CMA Part 2 - Financial Decision Making - 2019
What are the five classifications of ratios?
- Liquidity ratios, which measure the sufficiency of the firm’s cash resources to meet its short-term cash obligations.
- Leverage, capital structure, solvency and earnings coverage ratios, which evaluate the firm’s ability to satisfy its debt and obligations for other fixed financing charges such as operating leases by looking at the mix of its financing sources and its historical earnings.
- Activity ratios, which provide information on a firm's ability to manage efficiently its current assets (accounts receivable and inventory) and current liabilities (accounts payable).
- Profitability analysis, which measures the firm’s profit in relation to its total revenue or the amount of net income from each dollar of sales and its return on invested assets.
- Market ratios and earnings per share analysis, or shareholder ratios, which describe the firm’s financial condition in terms of amounts per share of stock.
What is EBITDA?
EBITDA stands for earnings before interest, taxes, depreciation and amortization. EBIT (earnings before interest and taxes) includes deductions for depreciation and amortization expensed. Therefore, EBITDA is EBIT plus depreciation and amortization expense, to “add back” the depreciation and amortization. EBITDA is used to analyze a company's earnings before interest and taxes as well as before the non-cash charges of depreciation and amortization.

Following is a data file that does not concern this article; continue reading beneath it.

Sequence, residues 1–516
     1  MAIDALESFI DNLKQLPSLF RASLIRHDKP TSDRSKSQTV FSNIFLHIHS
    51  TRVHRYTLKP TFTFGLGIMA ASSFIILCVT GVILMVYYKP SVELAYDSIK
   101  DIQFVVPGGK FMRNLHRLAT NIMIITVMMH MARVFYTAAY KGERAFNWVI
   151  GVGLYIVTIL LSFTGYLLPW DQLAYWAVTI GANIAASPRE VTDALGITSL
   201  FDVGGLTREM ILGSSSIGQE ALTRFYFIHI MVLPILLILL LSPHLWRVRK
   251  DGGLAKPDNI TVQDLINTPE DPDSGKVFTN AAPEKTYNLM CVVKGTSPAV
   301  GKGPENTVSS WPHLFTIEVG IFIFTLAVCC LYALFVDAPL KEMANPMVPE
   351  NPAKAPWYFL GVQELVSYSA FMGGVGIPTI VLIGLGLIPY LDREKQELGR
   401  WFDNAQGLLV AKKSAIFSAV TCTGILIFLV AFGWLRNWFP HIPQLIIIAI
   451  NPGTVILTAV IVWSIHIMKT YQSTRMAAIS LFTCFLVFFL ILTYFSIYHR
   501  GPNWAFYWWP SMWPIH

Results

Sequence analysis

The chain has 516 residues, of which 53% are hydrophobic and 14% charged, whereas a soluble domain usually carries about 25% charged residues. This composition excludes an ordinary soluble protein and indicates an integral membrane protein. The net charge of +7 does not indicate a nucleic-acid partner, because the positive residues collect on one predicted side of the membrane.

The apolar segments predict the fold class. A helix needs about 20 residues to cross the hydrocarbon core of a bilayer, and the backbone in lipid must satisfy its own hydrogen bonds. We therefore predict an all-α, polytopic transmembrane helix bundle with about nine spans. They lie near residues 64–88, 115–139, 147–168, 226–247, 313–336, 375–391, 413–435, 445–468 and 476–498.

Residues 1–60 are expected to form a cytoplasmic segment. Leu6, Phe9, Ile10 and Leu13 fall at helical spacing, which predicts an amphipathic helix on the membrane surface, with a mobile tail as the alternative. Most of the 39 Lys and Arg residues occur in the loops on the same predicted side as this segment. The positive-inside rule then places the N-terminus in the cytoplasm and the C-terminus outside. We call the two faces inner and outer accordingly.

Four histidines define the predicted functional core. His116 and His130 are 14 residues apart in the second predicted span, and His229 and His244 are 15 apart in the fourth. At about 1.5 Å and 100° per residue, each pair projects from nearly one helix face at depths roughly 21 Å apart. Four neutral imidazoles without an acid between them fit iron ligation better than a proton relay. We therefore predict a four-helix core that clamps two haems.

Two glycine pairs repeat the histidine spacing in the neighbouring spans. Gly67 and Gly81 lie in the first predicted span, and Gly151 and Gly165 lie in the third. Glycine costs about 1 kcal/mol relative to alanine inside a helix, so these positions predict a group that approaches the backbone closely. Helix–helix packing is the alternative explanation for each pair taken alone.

What is a vertical common-size financial statement?
A simple vertical common-size financial statement covers one year’s operating results and expresses each component as a percentage of a total. For example, fixed assets will not be stated as a dollar amount but rather will be stated as a percentage of total assets. Each expense item will be stated as a percentage of total revenue.
What is horizontal trend series analysis?
Horizontal trend analysis is used to evaluate trends for a single business over a period of several years. The first year is the base year, and amounts for subsequent years are presented not as dollar amounts but as percentages of the base year amount, with the base year assigned a value of 100%, or 100.